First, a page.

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  • Bob Brooks

Wells Fargo Accidentally Foreclosed on 545 Homeowners...

If I had the room, the title would have been:

Wells Fargo Accidentally Foreclosed on 545 Homeowners...after they accidentally repossessed about 20,000 cars

You just can't make this stuff up: the Washington Post article

"Wells Fargo acknowledged Tuesday that, because of a calculation error, it had improperly foreclosed on 545 distressed homeowners after they asked for help with their mortgages. Overall, 870 homeowners were denied help for which they qualified — with more than half losing their homes afterward, Wells Fargo said."

It only gets better. The Washington Post reports regarding accidental repossessions:

"It (Wells Fargo) reported that 570,000 auto loan customers had been charged for insurance they did not need, sometimes leading to their cars being repossessed."

Now it is bad enough that you get your car accidentally repossessed or your house foreclosed.  These customers also had their credit scores damaged.  The Washington Post article goes onto say:

"Wells Fargo acknowledges the problem and lists the solution as a “work in progress” on its website. The bank is researching how its activities affected customers’ credit scores, Wells Fargo chief executive Tim Sloan said in a March speech. “We want to make sure we make that right for our customers if they had been affected.”  Part of the problem is that fixing the issue requires the cooperation of the notoriously opaque credit rating bureaus — TransUnion, Equifax and Experian."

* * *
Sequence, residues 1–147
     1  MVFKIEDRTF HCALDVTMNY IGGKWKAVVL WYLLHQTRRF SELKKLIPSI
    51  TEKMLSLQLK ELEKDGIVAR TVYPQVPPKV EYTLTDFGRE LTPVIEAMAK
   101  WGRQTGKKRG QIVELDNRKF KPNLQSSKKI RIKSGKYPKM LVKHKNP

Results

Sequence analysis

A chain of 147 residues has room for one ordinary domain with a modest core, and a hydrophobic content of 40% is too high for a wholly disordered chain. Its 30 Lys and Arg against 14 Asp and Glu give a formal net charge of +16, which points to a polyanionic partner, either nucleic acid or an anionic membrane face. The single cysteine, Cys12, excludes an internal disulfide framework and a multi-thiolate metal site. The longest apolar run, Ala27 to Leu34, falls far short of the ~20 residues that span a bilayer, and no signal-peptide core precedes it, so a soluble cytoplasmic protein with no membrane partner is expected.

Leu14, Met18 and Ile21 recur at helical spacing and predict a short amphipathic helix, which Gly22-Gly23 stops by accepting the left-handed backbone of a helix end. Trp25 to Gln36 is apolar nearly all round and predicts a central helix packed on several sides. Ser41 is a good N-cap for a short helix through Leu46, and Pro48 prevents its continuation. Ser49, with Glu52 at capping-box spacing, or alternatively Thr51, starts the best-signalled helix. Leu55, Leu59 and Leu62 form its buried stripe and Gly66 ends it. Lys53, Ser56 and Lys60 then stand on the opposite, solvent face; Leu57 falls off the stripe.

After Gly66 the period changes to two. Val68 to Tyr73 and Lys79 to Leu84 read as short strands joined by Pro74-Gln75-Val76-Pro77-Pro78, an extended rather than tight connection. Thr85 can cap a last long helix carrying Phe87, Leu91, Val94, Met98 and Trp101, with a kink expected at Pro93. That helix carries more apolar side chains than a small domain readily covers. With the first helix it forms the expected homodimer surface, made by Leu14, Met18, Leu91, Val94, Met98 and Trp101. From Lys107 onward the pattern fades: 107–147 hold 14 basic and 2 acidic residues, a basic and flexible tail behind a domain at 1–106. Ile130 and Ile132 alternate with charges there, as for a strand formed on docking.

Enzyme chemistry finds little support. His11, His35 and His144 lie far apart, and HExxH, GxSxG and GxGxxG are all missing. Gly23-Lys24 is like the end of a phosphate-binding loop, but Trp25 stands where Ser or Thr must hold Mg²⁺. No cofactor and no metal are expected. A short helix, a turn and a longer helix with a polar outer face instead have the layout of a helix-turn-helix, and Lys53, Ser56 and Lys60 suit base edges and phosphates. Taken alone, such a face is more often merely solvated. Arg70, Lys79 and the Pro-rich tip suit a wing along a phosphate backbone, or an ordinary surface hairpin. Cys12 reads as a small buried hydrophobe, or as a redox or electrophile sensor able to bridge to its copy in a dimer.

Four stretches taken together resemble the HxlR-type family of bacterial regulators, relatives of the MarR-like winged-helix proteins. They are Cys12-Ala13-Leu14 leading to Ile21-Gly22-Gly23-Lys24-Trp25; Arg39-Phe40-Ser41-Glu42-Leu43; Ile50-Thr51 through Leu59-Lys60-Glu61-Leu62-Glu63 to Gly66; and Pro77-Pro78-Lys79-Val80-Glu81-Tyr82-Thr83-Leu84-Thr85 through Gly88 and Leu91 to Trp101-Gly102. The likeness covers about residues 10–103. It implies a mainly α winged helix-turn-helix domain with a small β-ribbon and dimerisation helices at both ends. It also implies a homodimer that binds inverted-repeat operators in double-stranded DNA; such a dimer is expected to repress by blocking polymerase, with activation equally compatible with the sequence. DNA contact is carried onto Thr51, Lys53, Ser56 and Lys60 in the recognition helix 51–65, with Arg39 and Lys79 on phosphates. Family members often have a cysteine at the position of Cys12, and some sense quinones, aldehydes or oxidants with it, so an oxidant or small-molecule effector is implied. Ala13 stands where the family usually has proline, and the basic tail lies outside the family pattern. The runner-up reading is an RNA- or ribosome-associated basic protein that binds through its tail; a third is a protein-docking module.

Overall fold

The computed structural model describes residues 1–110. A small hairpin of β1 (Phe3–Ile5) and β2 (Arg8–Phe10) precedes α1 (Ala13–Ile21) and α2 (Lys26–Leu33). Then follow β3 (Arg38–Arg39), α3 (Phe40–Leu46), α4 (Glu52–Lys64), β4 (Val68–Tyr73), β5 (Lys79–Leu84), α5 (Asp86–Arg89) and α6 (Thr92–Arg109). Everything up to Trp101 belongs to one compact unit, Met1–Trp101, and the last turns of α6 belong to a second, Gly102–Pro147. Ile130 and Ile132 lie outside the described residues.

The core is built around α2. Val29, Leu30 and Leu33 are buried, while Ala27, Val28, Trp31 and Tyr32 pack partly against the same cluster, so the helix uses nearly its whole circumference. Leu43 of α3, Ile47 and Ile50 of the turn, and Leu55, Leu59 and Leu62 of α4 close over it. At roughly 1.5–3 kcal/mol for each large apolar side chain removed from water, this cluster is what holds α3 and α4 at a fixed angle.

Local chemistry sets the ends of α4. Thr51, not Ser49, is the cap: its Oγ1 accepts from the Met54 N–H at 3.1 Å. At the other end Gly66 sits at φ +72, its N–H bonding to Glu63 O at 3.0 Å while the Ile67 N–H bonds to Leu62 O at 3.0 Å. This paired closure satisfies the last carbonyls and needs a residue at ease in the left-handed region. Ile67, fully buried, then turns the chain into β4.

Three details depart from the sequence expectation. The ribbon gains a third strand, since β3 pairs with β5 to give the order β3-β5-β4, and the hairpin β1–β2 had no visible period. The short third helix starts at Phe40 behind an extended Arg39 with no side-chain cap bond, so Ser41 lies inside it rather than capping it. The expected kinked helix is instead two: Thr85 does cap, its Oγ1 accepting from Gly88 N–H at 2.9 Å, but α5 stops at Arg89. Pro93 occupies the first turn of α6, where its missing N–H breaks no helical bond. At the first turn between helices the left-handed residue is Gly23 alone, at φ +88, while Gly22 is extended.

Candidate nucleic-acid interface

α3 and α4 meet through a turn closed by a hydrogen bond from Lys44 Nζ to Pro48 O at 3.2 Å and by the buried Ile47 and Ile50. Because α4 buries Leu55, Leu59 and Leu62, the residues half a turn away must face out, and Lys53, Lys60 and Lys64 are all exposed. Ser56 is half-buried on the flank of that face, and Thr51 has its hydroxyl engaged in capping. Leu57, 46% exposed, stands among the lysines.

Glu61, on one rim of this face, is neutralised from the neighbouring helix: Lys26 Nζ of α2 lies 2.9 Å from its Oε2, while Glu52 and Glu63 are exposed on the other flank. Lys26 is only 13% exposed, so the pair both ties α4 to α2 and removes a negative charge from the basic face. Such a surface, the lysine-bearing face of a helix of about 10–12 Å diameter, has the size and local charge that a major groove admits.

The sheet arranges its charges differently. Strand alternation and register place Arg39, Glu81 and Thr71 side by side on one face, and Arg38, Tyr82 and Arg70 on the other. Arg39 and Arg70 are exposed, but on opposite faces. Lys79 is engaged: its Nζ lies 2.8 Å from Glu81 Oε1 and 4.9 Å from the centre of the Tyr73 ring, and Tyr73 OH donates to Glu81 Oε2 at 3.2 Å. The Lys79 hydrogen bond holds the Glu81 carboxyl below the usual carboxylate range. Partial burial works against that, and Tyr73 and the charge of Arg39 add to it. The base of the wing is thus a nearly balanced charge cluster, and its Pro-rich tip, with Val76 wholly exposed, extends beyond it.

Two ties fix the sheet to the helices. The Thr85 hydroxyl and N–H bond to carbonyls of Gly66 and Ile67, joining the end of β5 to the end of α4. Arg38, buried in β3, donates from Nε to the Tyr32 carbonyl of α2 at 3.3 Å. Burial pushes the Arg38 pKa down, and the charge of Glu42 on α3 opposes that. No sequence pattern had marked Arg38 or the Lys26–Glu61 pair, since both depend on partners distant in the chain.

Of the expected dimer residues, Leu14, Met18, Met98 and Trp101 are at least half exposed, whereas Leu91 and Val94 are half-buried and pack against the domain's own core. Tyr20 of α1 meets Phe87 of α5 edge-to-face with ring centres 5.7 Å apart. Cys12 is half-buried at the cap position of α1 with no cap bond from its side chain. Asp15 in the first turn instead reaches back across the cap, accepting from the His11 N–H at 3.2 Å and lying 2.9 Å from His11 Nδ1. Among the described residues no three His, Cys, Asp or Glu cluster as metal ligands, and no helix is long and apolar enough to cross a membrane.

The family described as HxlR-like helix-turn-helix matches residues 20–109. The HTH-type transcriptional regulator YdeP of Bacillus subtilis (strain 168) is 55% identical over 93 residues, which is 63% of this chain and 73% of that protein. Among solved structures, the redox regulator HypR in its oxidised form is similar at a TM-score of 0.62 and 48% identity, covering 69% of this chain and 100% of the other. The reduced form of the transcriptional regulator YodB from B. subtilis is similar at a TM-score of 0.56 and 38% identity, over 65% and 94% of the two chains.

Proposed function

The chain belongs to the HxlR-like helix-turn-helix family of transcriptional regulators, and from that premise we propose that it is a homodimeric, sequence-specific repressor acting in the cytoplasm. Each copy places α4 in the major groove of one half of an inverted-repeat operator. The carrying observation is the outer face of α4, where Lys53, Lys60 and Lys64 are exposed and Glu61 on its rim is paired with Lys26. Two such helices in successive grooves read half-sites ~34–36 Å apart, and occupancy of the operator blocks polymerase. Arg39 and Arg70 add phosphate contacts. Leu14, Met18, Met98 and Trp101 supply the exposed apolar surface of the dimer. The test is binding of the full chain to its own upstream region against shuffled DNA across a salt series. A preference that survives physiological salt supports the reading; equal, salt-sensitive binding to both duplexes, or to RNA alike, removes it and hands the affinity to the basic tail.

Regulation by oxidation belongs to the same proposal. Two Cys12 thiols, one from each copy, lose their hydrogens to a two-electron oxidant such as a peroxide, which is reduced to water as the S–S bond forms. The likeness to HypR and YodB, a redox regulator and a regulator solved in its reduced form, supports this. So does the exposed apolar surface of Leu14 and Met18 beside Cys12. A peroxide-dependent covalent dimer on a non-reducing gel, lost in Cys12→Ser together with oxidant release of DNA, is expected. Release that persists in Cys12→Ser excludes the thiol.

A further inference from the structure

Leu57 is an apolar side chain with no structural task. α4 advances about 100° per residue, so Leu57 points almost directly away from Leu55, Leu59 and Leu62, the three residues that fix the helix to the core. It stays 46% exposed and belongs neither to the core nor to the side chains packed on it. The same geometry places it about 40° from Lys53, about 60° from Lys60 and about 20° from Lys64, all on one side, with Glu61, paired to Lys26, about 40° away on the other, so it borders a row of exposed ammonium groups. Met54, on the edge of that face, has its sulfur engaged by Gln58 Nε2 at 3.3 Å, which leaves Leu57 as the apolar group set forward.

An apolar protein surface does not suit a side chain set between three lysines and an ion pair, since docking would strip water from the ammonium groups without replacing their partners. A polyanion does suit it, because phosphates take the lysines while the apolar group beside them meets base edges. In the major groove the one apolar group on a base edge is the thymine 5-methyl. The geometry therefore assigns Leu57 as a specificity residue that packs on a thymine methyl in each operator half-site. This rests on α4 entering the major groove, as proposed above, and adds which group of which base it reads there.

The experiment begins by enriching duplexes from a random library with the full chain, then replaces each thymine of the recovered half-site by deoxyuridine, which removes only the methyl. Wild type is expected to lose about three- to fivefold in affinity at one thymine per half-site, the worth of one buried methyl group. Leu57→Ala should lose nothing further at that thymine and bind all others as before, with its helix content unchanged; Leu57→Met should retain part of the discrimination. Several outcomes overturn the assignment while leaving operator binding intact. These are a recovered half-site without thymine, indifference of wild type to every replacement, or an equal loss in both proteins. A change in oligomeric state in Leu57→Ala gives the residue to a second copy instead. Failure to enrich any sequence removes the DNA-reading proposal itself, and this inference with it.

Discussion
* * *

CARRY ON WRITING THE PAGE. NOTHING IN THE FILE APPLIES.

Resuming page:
A couple of thoughts - first of all, the bank doesn't need to research how those activities affected credit scores. These types of reportable events pretty much decimates a credit score.  Second, a good bit of money handed over to the three credit bureaus will get those credit errors fixed in no time.  Last time I checked the big three were a business and they all operate on the international language of money. The inability to get the credit bureaus to cooperate is a weak excuse to getting an inexcusable problem fixed.  

How about a solution to this type of abuse?  Well, as a Wells Fargo customer you signed away your right to participate in a class action lawsuit against the bank. How about holding the CEO and the executive suite financially responsible? That might get their attention.  No, the politicians will just pull the Wells Fargo  executives into a hearing and yell and scream at them in front of the cameras and proceed to at worst fine them.  When you are as big as Wells Fargo these fines become trivial expenses.   


The reality is that they are to big to fail. They are an almost 2 trillion dollar bank.  At some point they are untouchable and they can treat customers however they want. Bank there at your own risk.     

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